Hospitals around the world are trying out a new and unusual technique to help premature babies survive. The staff are giving the preemies adorable crocheted toy octopuses for them to cuddle with and hold onto.
The idea originated from Aarhus University Hospital in Denmark, but it wasn’t until Poole Hospital in the U.K. tested it out for themselves that the idea started to catch on.
“It’s incredible that something so simple can comfort a baby and help them feel better,” Daniel Lockyer, head nurse of neonatal services, said in a press release.
In 2013, a group of volunteers started “The Octo Project” and began to crochet the colorful octopus stuffed animals for preemies. The octopuses were then donated to families with preemies at hospitals around Denmark, and the babies’ progressions was observed. According to The Octo Project, the octopus tentacles remind the baby of their mother’s umbilical cord and gives them the familiar feeling of being in their mother’s womb, feeling safe.
Staff at the Danish hospitals found that the octopuses were extremely beneficial. The stuffed toys helped the babies breathe easier and positively affected their heartbeat and the levels of oxygen in their blood.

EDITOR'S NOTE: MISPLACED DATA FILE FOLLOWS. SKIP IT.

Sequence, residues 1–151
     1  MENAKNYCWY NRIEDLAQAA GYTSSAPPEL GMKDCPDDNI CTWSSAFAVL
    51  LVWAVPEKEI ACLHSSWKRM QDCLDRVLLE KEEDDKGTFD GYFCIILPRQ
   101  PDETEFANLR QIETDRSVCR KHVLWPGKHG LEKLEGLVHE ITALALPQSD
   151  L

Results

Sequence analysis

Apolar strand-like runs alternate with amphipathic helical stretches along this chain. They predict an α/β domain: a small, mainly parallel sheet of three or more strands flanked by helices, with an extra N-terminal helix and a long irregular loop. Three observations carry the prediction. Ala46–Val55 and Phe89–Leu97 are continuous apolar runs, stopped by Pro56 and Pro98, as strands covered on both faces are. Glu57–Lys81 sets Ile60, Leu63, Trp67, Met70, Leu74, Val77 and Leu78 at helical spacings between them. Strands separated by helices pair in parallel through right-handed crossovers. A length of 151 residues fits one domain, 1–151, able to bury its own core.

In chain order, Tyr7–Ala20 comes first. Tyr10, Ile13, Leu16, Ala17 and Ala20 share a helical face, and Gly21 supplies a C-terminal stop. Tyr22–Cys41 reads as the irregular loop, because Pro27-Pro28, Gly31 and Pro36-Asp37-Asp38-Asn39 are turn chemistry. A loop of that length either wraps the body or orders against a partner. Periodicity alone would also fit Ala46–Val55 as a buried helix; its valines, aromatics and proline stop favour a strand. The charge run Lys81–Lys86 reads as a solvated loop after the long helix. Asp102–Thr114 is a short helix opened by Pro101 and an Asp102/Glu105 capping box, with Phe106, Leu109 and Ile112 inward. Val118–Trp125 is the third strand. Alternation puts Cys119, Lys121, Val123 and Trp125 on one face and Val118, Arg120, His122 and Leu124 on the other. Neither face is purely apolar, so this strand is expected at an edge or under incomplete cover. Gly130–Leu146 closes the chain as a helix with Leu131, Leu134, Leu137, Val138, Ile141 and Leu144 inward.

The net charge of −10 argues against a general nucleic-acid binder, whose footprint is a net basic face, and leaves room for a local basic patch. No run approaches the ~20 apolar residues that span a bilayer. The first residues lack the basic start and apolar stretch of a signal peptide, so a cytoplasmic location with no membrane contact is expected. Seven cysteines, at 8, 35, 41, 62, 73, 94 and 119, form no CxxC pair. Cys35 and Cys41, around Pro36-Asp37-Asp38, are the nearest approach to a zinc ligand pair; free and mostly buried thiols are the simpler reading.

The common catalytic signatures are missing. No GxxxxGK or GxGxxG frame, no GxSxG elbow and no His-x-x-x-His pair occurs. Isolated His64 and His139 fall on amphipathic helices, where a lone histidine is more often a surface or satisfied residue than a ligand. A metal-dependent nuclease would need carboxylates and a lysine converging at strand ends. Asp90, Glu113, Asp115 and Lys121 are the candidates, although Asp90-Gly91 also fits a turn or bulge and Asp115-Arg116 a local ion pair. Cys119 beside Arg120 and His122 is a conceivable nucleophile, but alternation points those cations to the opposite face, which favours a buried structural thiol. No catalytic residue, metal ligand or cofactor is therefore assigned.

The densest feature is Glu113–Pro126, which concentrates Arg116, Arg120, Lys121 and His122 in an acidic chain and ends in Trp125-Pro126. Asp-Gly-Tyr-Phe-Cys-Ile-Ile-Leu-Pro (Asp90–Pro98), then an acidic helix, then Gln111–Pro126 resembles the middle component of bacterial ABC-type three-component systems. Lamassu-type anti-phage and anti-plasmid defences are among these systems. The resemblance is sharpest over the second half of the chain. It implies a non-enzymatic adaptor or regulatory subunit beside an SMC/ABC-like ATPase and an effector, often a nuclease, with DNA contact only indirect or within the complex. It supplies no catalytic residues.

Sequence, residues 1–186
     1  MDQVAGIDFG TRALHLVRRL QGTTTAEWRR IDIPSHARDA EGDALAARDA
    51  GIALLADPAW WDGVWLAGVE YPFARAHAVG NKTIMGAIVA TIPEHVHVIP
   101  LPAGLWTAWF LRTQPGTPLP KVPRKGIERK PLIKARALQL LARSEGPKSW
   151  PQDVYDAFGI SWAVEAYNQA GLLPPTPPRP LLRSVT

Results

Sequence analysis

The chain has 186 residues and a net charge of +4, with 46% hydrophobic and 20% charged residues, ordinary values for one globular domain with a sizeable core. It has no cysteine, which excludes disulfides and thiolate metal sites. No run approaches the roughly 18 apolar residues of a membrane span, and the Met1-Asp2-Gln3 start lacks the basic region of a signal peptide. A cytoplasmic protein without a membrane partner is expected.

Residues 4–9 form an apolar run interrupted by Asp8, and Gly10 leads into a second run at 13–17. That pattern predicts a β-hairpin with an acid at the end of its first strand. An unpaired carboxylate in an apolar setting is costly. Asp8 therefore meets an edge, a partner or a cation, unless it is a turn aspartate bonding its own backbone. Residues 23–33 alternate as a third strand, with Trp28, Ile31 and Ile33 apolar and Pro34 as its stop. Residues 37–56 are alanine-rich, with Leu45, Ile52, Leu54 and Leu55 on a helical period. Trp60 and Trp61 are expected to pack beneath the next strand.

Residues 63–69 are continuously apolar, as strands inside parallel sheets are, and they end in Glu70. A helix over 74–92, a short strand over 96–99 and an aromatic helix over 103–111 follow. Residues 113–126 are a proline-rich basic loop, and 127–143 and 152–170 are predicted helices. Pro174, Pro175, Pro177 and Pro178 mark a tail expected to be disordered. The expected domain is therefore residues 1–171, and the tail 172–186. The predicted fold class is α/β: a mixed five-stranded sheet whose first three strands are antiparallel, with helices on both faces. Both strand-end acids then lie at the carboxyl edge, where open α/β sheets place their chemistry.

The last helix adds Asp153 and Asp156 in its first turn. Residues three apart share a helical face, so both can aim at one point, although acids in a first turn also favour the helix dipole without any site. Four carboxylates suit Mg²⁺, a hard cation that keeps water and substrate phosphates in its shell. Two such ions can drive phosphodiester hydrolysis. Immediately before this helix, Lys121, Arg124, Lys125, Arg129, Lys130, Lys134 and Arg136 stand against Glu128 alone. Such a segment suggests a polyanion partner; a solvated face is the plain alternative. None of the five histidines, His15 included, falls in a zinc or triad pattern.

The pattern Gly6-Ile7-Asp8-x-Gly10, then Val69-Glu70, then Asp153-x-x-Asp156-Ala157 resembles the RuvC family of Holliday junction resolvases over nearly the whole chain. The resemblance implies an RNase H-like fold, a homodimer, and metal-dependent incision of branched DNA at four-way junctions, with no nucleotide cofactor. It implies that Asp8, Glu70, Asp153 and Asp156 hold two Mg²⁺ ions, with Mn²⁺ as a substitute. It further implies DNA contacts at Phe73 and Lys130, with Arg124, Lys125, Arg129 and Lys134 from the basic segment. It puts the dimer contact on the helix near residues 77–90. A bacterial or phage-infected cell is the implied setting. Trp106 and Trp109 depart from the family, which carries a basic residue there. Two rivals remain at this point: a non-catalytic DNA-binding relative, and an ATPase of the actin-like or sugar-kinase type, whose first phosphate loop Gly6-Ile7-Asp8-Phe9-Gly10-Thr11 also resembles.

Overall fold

After the hospital announced their plan, they asked the public for help. In a short time they received over 200 stuffed octopuses.
These octopuses are ready for their hot wash and dry before being inspected for size, tentacle length, and holes. At…
Kat Smith, who gave birth to twin girls at 28 weeks, was among the first to benefit from the program at Poole Hospital. “The girls absolutely love them,” Smith told Bournemouth Echo. “When they are asleep they hold onto the tentacles tightly. Normally they would be in the womb and would play with the umbilical cord, so the octopuses make them feel grounded and safe.”
Although there hasn’t been any official research done on the relationship between a preemie snuggling with a stuffed octopus and a preemie without an octopus, Smith fully believes the cute little creatures helped her twins.
“Parents are already telling us their babies seem calmer with an octopi friend to keep them company, so we’re looking forward to continuing with the project in the future,” Lockyer said of the program.
For those who worry if it’s safe to give a preemie a stuffed toy, the hospital sterilizes each toy before giving it to a child and doctors have also found that the toy, in some cases, actually prevents the babies from pulling at any tubes or wires that they might be attached to.
If you would like to contribute there is a Facebook group dedicated to informing people of the proper yarn to use, the correct size the octopus must be, and how to donate the stuffed creatures.